Children with Hypoglycaemia and their Later Development

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dc.contributor.advisor Harding, J en
dc.contributor.advisor Wouldes, T en
dc.contributor.author Ansell, Judith en
dc.date.accessioned 2015-02-01T22:57:08Z en
dc.date.issued 2014 en
dc.identifier.citation 2014 en
dc.identifier.uri http://hdl.handle.net/2292/24352 en
dc.description.abstract Neonatal hypoglycaemia is common and potentially impairs neurodevelopment. Uncertainty exists over the blood glucose concentration that defines neonatal hypoglycaemia, neurodevelopmental outcomes of at-risk children, and neurodevelopmental differences between at-risk children who do and do not experience hypoglycaemia. We aimed to describe the neurodevelopmental outcomes of 2-year-olds born at risk of neonatal hypoglycaemia, to test whether hypoglycaemia was associated with poorer outcomes, and to examine relationships between neurodevelopmental outcome and other health and sociodemographic variables. Children born at risk of hypoglycaemia (infant of a diabetic mother, small (<10th centile or < 2500g), large (>90th centile or > 4500g), late preterm (35 or 36 weeks’ gestation) or other) were assessed at 24 ±1 months’ corrected age. Assessments included Bayley III, executive function tasks, BRIEF-P and health and sociodemographic information by parental questionnaire. We assessed 404 (77%) children from the neonatal cohort. Children who had and had not experienced neonatal hypoglycaemia had similar neurodevelopmental outcomes. However, children born small and to diabetic mothers achieved worse Bayley-III, executive function and BRIEF-P scores than large or preterm children. Girls and breastfed babies were more likely to experience hypoglycaemia but had better outcomes. Socioeconomic status was strongly associated with 2-year neurodevelopmental outcome. We found interactions between gender and risk factor, socioeconomic status and preschool attendance, with boys, but not girls, of diabetic mothers and low socioeconomic groups achieving worse, and those who attended preschool better, results than other groups, suggesting a greater vulnerability to environmental factors for boys. Assessed executive functions were related but separable and only weakly associated with parent-report but strongly related to language development. Children born at risk of neonatal hypoglycaemia are at risk of adverse neurodevelopmental outcome independent of whether or not they actually experience hypoglycaemia. This risk is higher in those born small, to diabetic mothers, not breast fed, and to low socioeconomic status families, with boys more vulnerable to poor outcome than girls. Executive function can be assessed at 2 years and appears to comprise separate but related constructs, most strongly related to language development. This cohort may benefit from continued monitoring, with early intervention service referrals where needed. en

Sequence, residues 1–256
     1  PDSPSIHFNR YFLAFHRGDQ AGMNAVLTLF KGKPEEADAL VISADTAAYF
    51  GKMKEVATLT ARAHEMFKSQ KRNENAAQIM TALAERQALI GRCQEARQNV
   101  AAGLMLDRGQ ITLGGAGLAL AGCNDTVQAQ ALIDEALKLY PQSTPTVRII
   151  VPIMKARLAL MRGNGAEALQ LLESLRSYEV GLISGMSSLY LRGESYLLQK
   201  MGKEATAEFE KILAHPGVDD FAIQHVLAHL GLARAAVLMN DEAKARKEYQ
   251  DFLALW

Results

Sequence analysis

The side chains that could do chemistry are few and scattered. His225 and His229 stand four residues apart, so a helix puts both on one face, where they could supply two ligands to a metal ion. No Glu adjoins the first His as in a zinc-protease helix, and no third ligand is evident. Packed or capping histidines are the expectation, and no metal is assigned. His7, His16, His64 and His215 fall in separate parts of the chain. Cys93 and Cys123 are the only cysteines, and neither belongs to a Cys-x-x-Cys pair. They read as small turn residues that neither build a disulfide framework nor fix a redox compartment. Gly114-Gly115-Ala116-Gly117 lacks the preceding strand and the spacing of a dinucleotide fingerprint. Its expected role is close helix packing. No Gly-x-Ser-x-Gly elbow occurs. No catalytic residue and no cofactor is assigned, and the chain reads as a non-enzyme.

dc.publisher ResearchSpace@Auckland en
dc.relation.ispartof PhD Thesis - University of Auckland en
dc.rights Items in ResearchSpace are protected by copyright, with all rights reserved, unless otherwise indicated. Previously published items are made available in accordance with the copyright policy of the publisher. en
dc.rights.uri https://researchspace.auckland.ac.nz/docs/uoa-docs/rights.htm en
dc.title Children with Hypoglycaemia and their Later Development en
dc.type Thesis en
thesis.degree.grantor The University of Auckland en
thesis.degree.level Doctoral en
thesis.degree.name PhD en
dc.rights.holder Copyright: The Author en
dc.rights.accessrights http://purl.org/eprint/accessRights/OpenAccess en
pubs.elements-id 474540 en
pubs.record-created-at-source-date 2015-02-02 en


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